The high cliffs of Zion National Park in Utah don't only appeal to adventurous hikers and climbers. In the spring, the red rock cliffs also beckon the peregrine falcon — believed to be the world's fastest animal — to nest.  

Once an endangered species, the park monitors the birds and takes steps to protect their nests because if they are disturbed, the peregrine falcons can abandon them.

If you’re planning to visit, you may get a chance to see these graceful predators. But it's also important to know Zion National Park has closed sections of the climbing routes on its breathtaking cliffs in anticipation of the arrival of nesting falcons. 

Introducing Utah's national parks

What is a peregrine falcon?

The falcons draw their name from the Latin word “peregrine” which means to travel or to wander, as the birds can travel up to 15,000 miles in a migratory year. 

Though the falcons range in speed between 25-34 miles per hour, when the bird makes its sharp dive after prey, in just 8 seconds it can reach speeds between 100 and 200 miles per hour. 

Peregrine Falcon
Peregrine Falcon flying in air. © mallardg500 /Getty Images

With those speeds, the falcon is believed to be the fastest animal in the world. It was once endangered due to the use of the pesticide DDT in the United States, which caused the birds to lay eggs with very thin shells. This made the delicate eggs vulnerable to cracking and subsequently killing any potential offspring.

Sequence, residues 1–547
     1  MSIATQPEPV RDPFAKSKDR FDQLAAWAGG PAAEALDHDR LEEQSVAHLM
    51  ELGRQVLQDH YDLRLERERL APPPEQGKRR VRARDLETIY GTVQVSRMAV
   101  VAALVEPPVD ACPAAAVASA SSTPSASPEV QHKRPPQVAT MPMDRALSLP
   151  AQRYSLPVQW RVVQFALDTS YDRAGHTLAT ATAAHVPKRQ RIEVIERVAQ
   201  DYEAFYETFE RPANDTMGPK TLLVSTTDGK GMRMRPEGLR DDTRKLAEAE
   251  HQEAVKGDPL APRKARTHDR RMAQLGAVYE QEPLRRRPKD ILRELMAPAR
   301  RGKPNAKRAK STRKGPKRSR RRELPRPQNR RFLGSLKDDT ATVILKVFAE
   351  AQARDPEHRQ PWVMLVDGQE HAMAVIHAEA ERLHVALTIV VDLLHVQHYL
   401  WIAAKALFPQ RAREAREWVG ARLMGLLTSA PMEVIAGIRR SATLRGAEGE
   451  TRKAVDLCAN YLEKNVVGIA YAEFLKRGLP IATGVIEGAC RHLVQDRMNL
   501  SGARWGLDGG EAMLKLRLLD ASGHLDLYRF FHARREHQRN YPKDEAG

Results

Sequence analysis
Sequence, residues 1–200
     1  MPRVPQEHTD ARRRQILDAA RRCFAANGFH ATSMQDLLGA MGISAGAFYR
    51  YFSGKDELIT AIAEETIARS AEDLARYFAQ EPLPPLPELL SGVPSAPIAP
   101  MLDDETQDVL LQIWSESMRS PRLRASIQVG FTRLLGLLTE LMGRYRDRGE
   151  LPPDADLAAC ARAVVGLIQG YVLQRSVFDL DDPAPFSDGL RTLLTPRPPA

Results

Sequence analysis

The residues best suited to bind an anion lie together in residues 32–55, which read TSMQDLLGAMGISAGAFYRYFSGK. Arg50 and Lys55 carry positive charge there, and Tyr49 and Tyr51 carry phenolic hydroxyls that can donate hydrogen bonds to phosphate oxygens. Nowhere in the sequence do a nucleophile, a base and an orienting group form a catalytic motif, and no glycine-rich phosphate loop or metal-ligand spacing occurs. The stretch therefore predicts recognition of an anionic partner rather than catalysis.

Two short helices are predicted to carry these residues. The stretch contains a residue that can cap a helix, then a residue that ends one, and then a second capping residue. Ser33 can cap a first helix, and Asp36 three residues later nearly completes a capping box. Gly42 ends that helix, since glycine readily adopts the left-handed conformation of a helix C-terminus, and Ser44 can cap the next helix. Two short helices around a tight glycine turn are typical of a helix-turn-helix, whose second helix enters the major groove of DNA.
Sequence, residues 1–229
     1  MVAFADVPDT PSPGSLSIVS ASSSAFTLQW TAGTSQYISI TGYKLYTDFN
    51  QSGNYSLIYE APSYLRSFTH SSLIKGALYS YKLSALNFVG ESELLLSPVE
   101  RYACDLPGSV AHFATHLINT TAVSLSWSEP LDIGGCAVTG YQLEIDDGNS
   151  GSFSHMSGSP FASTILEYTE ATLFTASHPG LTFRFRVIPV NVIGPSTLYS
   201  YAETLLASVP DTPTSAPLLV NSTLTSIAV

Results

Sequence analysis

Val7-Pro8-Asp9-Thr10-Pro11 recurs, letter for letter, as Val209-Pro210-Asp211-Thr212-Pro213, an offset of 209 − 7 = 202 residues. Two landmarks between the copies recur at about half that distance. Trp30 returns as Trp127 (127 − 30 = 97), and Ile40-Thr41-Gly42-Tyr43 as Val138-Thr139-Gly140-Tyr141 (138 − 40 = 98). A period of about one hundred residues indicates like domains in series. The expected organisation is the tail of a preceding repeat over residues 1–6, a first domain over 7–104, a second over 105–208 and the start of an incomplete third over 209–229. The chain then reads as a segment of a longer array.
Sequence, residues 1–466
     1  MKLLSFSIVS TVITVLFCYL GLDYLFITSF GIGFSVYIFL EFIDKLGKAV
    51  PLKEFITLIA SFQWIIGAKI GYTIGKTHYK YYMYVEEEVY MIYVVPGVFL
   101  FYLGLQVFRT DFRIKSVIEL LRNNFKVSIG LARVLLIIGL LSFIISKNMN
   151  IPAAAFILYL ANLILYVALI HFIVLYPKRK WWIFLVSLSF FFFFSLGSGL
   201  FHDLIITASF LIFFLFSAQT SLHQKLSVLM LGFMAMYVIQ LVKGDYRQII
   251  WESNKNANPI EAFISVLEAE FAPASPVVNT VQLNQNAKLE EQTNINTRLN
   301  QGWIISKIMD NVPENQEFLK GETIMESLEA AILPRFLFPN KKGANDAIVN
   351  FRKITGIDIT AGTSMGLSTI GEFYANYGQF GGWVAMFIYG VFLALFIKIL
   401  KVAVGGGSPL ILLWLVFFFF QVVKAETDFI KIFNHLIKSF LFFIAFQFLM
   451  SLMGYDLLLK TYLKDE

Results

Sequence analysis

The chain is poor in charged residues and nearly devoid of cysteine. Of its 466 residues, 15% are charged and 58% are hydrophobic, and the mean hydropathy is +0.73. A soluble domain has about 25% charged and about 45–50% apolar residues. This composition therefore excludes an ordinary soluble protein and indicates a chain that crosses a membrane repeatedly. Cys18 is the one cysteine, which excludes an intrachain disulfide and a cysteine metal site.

In 1970, just before the insecticide was banned from use, just 39 breeding pairs of peregrine falcons existed in the lower 48 states of the United States. 

Since the US banned DDT in 1972, and with help from monitoring programs like this one at Zion National Park, the peregrine falcon was removed from the endangered species list in 1999. There are now believed to be more than 4,000 breeding pairs in the United States.

Where will I find closures in Zion National Park?

The closures primarily impact the cliffs and climbing routes, not hiking trails through the park. According to the park’s guidance on raptor closings, starting March 1, rangers closed portions of these cliffs:

  • Angels Landing
  • Cable Mountain
  • The Great White Throne
  • Isaac (in Court of the Patriarchs)
  • The Sentinel
  • Mountain of the Sun
  • North Twin Brother
  • Tunnel Wall
  • The East Temple
  • Mount Spry
  • The Streaked Wall
  • Mount Kinesava

The only hiking routes potentially impacted by the closures are the East Rim Trail and Hidden Canyon Trail which mark the southernmost boundary of the closure on Cable Mountain. If you plan to hike in these areas, check for closures before you arrive. 

The routes will remain closed until biologists are able to determine where the falcons have made their nests and nesting season is over. 

Want to hike Zion's fearsome Angels Landing? You'll need a permit

Can I see the peregrine falcon in the park?

Zion National Park is a great place to see the peregrine falcons and the endangered California condor. Of course, as with all wildlife in national parks, you'll need to do so from afar.

The peregrine falcons make their nests on cliffs between 25 and 1,300 high so you may want to bring a pair of binoculars. Zion National Park advises to see peregrine falcons, go to the Big Bend shuttle stop in the park. Wildlife experts say you can observe the birds mating between March and early May while the chicks will leave the nest in late June through late July.

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